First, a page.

The Everglades’ Boundary of 1910, and Today’s Toxic Lake Okeechobee, SLR/IRL

Historic map, Palm Beach Farms Company Lands ca. 1910 showing “edge of Everglades.”  Archives, Lawrence E. Will Museum of the Glades, Belle Glade, Fl.

Looking back gives us perspective when looking forward.

This old map showing the Palm Beach Farms Company Lands is interesting as is shows where people saw the “edge of the Everglades” when they were first developing around 1910.

Today it is hard to judge where we are and what “was” the Everglades…Some of us are literally “in it.”

Looking back, it is easy to see how  after over 100 years the waters of Lake Okeechobee are becoming more and more “toxic.” Kind of like a fish tank that can never be cleaned out….

One has wonder if the developers of the Everglades ever considered what would happen to the lake by building and developing farm lands right in the way of the natural flow, and then really blocking it by eventually putting a dike around the lake? In this map, the push was to develop lands further west beyond the eastern ridge…Think all all the development today out west beyond the ridge and into the historic Everglades!

Perhaps in their wildest dreams the early developers  would have never envisioned how many people live in south Florida today. Maybe they didn’t care. In any case, today we all here in South Florida are connected somehow to Lake Okeechobee, Florida’s  “liquid heart,” for drinking water, recharge, recreation, property values, and our health.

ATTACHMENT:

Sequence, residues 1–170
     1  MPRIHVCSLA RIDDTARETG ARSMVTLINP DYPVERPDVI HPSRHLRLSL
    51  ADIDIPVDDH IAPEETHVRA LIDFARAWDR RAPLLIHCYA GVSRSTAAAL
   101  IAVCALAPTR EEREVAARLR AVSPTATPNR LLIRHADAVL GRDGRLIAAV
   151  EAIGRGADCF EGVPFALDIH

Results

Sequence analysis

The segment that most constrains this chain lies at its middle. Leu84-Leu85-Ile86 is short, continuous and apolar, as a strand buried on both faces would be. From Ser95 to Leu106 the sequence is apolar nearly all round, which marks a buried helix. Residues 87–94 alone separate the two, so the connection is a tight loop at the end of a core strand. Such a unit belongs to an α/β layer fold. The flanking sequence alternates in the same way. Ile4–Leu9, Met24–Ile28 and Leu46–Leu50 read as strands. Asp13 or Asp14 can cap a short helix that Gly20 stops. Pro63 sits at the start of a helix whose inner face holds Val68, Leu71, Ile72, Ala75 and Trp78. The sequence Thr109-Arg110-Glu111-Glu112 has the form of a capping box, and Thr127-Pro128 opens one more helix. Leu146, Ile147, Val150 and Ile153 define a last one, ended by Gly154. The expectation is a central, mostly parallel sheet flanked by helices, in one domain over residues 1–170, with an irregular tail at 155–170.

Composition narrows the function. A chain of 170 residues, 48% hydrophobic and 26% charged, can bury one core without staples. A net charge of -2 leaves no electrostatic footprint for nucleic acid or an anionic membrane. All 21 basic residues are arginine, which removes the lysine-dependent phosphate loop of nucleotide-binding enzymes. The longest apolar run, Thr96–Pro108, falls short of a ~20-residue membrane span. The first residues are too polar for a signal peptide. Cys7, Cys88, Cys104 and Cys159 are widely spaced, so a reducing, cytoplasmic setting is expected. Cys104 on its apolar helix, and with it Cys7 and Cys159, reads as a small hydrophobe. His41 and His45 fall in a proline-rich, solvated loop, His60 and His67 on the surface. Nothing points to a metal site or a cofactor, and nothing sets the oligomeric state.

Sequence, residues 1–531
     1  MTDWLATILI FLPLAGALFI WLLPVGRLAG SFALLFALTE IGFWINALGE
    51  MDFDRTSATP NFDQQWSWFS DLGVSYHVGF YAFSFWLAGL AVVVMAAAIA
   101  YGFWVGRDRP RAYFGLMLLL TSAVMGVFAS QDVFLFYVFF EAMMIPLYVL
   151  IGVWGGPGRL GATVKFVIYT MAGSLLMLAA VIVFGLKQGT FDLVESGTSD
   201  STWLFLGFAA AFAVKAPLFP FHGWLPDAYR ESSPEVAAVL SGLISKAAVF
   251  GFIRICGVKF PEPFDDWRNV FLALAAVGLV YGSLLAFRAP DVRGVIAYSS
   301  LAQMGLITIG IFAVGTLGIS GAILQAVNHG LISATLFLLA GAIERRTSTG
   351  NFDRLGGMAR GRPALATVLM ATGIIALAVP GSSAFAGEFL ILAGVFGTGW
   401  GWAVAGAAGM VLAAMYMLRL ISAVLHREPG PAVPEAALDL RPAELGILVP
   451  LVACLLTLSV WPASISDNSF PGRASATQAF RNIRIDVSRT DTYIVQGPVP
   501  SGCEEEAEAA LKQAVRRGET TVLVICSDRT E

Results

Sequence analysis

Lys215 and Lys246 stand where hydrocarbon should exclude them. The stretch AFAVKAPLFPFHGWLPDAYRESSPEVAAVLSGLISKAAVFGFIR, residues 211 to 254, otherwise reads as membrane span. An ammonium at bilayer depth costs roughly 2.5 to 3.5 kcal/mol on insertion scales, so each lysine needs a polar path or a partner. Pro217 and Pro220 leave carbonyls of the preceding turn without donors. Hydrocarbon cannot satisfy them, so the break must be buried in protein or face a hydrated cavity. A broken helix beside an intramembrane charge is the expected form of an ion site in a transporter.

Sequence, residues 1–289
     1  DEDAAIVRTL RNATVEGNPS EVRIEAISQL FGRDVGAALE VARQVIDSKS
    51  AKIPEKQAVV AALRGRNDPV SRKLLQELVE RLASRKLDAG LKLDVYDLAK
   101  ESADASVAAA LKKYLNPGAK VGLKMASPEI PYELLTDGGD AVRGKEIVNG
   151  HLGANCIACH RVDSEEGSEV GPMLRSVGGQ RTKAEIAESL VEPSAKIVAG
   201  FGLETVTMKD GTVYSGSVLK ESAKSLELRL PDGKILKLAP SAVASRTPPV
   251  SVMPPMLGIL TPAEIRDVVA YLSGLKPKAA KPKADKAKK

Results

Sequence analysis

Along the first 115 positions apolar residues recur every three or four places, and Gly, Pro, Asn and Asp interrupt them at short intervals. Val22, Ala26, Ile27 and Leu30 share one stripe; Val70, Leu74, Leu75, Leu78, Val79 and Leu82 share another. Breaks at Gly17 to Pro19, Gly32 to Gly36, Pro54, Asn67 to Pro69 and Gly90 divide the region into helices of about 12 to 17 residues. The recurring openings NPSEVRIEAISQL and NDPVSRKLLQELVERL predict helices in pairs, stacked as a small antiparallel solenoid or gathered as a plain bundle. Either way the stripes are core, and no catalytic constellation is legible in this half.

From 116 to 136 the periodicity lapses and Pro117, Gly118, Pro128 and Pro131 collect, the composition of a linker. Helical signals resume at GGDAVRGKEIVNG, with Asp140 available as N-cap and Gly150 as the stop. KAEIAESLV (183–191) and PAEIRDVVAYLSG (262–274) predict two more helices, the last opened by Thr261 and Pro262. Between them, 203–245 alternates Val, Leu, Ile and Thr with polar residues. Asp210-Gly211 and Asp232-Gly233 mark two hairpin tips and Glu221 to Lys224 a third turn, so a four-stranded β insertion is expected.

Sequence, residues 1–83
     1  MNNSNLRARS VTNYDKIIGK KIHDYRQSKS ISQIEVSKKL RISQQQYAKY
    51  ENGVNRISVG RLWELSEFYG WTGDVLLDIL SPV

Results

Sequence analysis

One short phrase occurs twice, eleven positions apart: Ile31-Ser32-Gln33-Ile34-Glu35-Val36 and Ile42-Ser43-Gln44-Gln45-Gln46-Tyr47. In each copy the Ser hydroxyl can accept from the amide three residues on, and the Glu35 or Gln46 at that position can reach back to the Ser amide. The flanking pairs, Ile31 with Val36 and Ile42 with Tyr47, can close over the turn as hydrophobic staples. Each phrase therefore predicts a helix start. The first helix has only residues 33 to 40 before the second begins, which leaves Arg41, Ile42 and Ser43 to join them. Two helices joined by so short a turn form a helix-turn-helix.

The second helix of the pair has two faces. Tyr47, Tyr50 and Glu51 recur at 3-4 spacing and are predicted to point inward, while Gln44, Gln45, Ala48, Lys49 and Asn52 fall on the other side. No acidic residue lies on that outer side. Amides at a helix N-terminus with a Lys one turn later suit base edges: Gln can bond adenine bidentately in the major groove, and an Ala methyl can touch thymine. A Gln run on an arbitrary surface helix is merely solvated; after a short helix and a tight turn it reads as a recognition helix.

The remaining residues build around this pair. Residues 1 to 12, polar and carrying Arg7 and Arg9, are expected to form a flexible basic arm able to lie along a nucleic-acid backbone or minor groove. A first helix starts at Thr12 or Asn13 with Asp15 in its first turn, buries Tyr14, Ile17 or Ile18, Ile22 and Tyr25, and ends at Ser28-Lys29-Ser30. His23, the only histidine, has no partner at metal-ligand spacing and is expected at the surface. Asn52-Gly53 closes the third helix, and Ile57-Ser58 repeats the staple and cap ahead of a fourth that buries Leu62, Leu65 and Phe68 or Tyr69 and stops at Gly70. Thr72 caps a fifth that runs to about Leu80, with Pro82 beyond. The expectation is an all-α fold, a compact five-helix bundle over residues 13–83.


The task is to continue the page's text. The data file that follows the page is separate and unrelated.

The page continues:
Over our history the human spirit has overcome greater threats than toxic algae; I am confident we will once again.

SFWMD satellite map South Florida. Red lines denote historic Everglades.
SFWMD
Lake O eastern shoreline, Port Mayaca, 7-21-17, JTL
Lake O, 7-21-17


LINKS:

Lawrence E Will Museum of the Glades: https://www.museumoftheglades.org

https://www.facebook.com/lawrenceewillmuseum/

Lake O acres today?/451,000: http://www.lakelubbers.com/lake-okeechobee-107/

Township and Range? the squares: http://www.jsu.edu/dept/geography/mhill/phygeogone/trprac.html

Palm Beach Farms Company Lands-History (-bottom of blog by Ginger Peterson, Boyton Historical Society: http://www.jsu.edu/dept/geography/mhill/phygeogone/trprac.html

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